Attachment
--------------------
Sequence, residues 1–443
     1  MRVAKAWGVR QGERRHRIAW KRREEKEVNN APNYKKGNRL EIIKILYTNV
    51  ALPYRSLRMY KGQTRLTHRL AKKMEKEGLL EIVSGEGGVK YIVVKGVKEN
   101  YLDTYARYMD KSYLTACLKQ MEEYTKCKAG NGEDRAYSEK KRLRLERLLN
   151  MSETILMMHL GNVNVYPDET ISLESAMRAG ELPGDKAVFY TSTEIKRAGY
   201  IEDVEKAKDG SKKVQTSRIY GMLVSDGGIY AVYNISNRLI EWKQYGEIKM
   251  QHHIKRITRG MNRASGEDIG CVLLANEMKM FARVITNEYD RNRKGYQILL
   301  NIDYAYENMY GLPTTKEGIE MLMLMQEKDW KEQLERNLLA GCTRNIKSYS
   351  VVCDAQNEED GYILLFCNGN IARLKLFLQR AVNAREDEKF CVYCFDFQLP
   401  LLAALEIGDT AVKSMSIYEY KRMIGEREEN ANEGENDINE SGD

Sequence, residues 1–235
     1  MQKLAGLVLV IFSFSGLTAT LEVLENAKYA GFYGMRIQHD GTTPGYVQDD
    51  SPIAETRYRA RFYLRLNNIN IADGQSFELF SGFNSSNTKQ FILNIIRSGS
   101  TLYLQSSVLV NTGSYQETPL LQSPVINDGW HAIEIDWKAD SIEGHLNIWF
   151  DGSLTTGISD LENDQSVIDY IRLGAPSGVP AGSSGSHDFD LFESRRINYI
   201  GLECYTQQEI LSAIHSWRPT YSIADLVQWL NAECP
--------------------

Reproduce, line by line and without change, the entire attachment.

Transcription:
Sequence, residues 1–443
     1  MRVAKAWGVR QGERRHRIAW KRREEKEVNN APNYKKGNRL EIIKILYTNV
    51  ALPYRSLRMY KGQTRLTHRL AKKMEKEGLL EIVSGEGGVK YIVVKGVKEN
   101  YLDTYARYMD KSYLTACLKQ MEEYTKCKAG NGEDRAYSEK KRLRLERLLN
   151  MSETILMMHL GNVNVYPDET ISLESAMRAG ELPGDKAVFY TSTEIKRAGY
   201  IEDVEKAKDG SKKVQTSRIY GMLVSDGGIY AVYNISNRLI EWKQYGEIKM
   251  QHHIKRITRG MNRASGEDIG CVLLANEMKM FARVITNEYD RNRKGYQILL
   301  NIDYAYENMY GLPTTKEGIE MLMLMQEKDW KEQLERNLLA GCTRNIKSYS
   351  VVCDAQNEED GYILLFCNGN IARLKLFLQR AVNAREDEKF CVYCFDFQLP
   401  LLAALEIGDT AVKSMSIYEY KRMIGEREEN ANEGENDINE SGD

Sequence, residues 1–235
     1  MQKLAGLVLV IFSFSGLTAT LEVLENAKYA GFYGMRIQHD GTTPGYVQDD
    51  SPIAETRYRA RFYLRLNNIN IADGQSFELF SGFNSSNTKQ FILNIIRSGS
   101  TLYLQSSVLV NTGSYQETPL LQSPVINDGW HAIEIDWKAD SIEGHLNIWF
   151  DGSLTTGISD LENDQSVIDY IRLGAPSGVP AGSSGSHDFD LFESRRINYI
   201  GLECYTQQEI LSAIHSWRPT YSIADLVQWL NAECP